My lack of frustration is due to the fact that the areas in Stephen’s Sausage Roll have all of the puzzles available at the same. If the player gets road-blocked and cannot figure out the solution to any given puzzle, it is exceedingly helpful to try the other puzzles first. Sometimes you can make new realizations, but most of the time it is a good idea just to refresh your brain. Additionally, the game has two functions that the player will use copiously. The undo button will undo the last move made, and you can use it as much as you want. Often times I would realize that my solution wouldn’t work, so I undid the last few moves to see where I went wrong. Also, it is exceedingly common to do something unintentionally because of the unintuitive controls. The undo button is a godsend. Additionally, the reset button will reset the puzzle all the way to the beginning. If you really screw up, this function will come in handy.


My main issue with Stephen’s Sausage Roll is “brick walls” frequently occur. Brick walls are what I describe as moments where you absolutely cannot progress until you make some realization about how the game works. These moments will vary from player to player and can be demoralizing. Many of the mechanics in Stephen’s Sausage Roll have various nuances, and organically discovering these nuances at times can be exasperating. Most players will probably hit a brick wall at the very beginning of the game. The unintuitive control scheme, lack of explanation, and immediate jump into difficult puzzles almost guarantees that fact. Unfortunately, these facets are core components of the game, so there is no way to easily fix this issue.

The high difficulty and unforgiving level design are prone to these “brick wall” moments, and it probably happened to me two or three times. Sitting on a single puzzle for 2 to 3 hours, making no headway, then figuring out the solution hinged on some obscure nuance was not an “A-ha!” revelation, but rather an “Are you serious?” moment. There really is no way to alleviate this problem, as extreme difficulty is a double-edged sword. The vast majority of the time Stephen’s Sausage Roll provides mind-bending puzzles to tinker with, but sometimes you are going to get stuck for a while.


Since Stephen’s Sausage Roll hits the player with a brick wall at the very beginning of the game, I think many players will have a hard time enjoying this game. It’s already in a small subset of puzzle games, and its astounding difficulty is sure to make it even more niche. Moreover, the game has no worthwhile qualities outside of its intelligent level design. The visuals, audio, and narrative are all extremely minimalistic. This is a game for somebody who wants to play an exceedingly challenging puzzle game. And that’s fine. Not every game has to be for everybody, and I like to see niche games. That being said, Stephen’s Sausage Roll is so ridiculously niche that nobody outside of a small subset of people will be able to enjoy it.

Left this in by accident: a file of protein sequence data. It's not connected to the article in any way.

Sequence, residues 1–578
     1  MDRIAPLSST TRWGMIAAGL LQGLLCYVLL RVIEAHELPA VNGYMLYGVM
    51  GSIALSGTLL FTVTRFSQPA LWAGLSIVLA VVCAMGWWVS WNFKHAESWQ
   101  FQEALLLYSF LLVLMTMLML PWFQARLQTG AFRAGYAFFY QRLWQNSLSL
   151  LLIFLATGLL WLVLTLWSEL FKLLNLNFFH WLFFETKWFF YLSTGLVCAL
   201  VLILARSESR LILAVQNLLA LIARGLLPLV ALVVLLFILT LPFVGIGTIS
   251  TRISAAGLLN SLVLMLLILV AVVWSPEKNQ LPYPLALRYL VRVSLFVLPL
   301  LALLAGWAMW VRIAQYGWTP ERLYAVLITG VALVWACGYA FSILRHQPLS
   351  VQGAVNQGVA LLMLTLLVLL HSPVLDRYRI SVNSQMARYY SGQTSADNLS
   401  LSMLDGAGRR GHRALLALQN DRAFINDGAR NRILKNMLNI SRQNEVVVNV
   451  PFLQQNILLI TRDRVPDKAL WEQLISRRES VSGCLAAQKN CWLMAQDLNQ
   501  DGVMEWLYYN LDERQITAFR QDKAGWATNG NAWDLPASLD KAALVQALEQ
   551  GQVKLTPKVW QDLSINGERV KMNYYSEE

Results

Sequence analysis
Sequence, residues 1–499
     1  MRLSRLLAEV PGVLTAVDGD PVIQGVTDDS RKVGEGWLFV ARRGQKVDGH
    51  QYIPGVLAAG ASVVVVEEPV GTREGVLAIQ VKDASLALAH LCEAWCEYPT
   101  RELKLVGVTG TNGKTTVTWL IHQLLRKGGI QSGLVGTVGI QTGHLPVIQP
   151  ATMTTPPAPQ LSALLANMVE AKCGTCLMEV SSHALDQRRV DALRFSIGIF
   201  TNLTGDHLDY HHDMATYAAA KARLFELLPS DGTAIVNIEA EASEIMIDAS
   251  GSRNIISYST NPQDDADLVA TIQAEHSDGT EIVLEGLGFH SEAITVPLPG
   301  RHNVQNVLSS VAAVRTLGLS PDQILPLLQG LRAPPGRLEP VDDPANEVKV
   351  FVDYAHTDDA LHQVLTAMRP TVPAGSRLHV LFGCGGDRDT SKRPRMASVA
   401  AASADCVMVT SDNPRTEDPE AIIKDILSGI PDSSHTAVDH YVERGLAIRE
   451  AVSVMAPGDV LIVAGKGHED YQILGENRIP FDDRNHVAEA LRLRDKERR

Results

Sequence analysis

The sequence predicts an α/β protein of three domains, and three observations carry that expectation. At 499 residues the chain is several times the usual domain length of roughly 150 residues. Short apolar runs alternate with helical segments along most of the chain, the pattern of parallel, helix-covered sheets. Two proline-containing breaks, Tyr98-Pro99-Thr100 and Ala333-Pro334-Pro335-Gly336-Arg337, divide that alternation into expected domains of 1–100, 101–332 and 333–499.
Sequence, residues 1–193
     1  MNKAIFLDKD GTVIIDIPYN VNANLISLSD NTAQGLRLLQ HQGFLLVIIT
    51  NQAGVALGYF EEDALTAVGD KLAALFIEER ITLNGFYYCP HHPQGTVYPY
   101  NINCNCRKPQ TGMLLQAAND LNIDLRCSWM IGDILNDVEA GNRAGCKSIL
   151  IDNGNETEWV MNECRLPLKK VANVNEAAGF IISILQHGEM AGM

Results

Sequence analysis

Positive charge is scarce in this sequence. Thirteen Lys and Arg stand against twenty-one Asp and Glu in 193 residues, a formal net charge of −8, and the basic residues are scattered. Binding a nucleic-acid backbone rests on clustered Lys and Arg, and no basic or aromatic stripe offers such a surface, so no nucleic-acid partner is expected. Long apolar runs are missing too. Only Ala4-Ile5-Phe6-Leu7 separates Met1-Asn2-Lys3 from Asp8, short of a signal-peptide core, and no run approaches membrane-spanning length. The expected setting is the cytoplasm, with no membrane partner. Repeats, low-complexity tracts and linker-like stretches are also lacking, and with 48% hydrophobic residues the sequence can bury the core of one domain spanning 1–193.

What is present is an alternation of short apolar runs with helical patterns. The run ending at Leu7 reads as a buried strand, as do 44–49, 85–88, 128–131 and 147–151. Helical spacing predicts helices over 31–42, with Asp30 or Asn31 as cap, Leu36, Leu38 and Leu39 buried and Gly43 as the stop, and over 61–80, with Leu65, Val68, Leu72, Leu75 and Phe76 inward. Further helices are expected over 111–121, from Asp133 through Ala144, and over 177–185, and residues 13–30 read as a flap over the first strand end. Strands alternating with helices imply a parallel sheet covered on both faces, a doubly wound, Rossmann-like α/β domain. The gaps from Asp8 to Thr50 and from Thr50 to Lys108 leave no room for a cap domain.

I absolutely adore Stephen’s Sausage Roll, but I realize that is an exceptionally niche game. I categorize this game the same as SHENZHEN I/O. Both of these games are absolute perfection in their respective genres, but I cannot unconditionally recommend them to anybody. It’s a shame that the brilliance of Stephen’s Sausage Roll will be lost on so many people due to its sheer unapproachability. Regardless, this game is ridiculously well designed and executed, and I am genuinely baffled at how much content was able to be produced on the mere premise of pushing sausages around. It is for these reasons that I give Stephen’s Sausage Roll a 9.5/10. If you are a fan of outstandingly tough puzzle games, then you absolutely must play Stephen’s Sausage Roll. If you don’t enjoy puzzles, or prefer less challenging games, than this is not the game for you.